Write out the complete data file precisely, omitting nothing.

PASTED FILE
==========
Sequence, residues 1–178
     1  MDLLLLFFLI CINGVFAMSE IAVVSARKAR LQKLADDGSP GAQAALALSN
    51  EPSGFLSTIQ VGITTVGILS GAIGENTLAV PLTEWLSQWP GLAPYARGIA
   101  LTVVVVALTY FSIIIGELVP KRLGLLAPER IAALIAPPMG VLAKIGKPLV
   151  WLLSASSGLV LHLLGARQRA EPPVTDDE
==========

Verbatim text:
Sequence, residues 1–178
     1  MDLLLLFFLI CINGVFAMSE IAVVSARKAR LQKLADDGSP GAQAALALSN
    51  EPSGFLSTIQ VGITTVGILS GAIGENTLAV PLTEWLSQWP GLAPYARGIA
   101  LTVVVVALTY FSIIIGELVP KRLGLLAPER IAALIAPPMG VLAKIGKPLV
   151  WLLSASSGLV LHLLGARQRA EPPVTDDE